- Arm Weakness Is one arm weak or numb? Ask the person to raise both arms. Does one arm drift downward?
- Speech Difficulty Is speech slurred, are they unable to speak, or are they hard to understand? Ask the person to repeat a simple sentence, like “the sky is blue.” Is the sentence repeated correctly?
- Sudden numbness or weakness of the leg
- Sudden confusion or trouble understanding
- Sudden trouble seeing in one or both eyes
- Sudden trouble walking, dizziness, loss of balance or coordination
- Sudden severe headache with no known cause
Insect Stings and Bites
Most insect bites and stings are more discomfort than danger, although can be painful, fortunately are not an emergency. Remove the insect stinger if present. Apply a cold pack. Take an over the counter antihistamine such as diphenhydramine (Benadryl) or a non-sedating one such as loratadine (Claritin) if concerned about any allergic reaction. If patient is already known to be seriously allergic they often have and carry an epi-pen. Follow the directions and help administer if needed. If whole body hives (rash) appear or difficulty breathing or major swelling (beyond the sting area) develops – call 911 or go immediately to the hospital or your doctor.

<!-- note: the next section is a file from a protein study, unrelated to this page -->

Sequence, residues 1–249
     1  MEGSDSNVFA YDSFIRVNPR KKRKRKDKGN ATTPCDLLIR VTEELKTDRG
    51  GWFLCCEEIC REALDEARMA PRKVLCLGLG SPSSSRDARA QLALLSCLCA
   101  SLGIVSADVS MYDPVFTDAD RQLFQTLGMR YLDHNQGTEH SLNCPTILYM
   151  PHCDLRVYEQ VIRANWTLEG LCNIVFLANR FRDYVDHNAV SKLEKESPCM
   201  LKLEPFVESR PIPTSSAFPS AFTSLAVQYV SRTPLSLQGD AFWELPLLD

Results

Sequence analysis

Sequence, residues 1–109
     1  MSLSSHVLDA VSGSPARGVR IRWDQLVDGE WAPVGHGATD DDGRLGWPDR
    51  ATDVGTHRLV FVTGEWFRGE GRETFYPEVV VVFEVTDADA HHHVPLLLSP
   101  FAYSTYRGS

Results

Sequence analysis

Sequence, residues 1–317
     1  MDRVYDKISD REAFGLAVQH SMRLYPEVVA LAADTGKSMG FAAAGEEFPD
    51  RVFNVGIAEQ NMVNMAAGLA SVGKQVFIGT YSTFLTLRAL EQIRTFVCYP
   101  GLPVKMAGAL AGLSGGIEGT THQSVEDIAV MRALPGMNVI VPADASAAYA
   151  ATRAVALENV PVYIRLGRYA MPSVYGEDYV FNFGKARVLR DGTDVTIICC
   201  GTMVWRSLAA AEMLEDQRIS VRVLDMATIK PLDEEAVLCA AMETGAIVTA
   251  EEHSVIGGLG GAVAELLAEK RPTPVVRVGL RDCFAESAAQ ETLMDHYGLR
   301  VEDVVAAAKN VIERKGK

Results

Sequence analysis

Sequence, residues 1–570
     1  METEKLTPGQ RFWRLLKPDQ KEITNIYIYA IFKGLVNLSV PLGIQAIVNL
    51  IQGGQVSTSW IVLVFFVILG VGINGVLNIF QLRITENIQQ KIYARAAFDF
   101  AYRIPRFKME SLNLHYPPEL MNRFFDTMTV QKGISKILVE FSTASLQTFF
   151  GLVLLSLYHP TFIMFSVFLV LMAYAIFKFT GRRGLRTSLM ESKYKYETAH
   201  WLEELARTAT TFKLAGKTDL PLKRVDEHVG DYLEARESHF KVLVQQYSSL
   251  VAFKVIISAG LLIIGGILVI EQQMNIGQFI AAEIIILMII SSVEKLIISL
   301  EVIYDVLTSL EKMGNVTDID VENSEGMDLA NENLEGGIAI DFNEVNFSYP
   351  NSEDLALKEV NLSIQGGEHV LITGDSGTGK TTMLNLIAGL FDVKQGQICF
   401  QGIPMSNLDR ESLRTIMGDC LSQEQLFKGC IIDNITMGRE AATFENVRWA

Any non-food substance swallowed by a child should be considered an immediate danger. Call the Poison Control Center at 800-222-1222. You should keep this number at each phone and saved on your cell phone. If possible, have the substance container on hand and try to determine how much was ingested. Follow the Poison Control Center directions.
General illness is best resolved normally with rest, fluids and by consulting your primary care provider.
If loss of consciousness, seizures and/ or severe pain occurs that that is a cause for immediate care. Call 911 or go immediately to the hospital or your doctor.
Nausea and Vomiting
Usually, vomiting is generally harmless – and not an emergency by itself– although generally not pleasant at all – and often a result of motion sickness or “seasickness”, vertigo, early stages of pregnancy, a reaction to medication, emotional stress, reaction to smell or orders, food poisoning, stomach flu, and overeating. However it can sometimes be related to a more serious illness.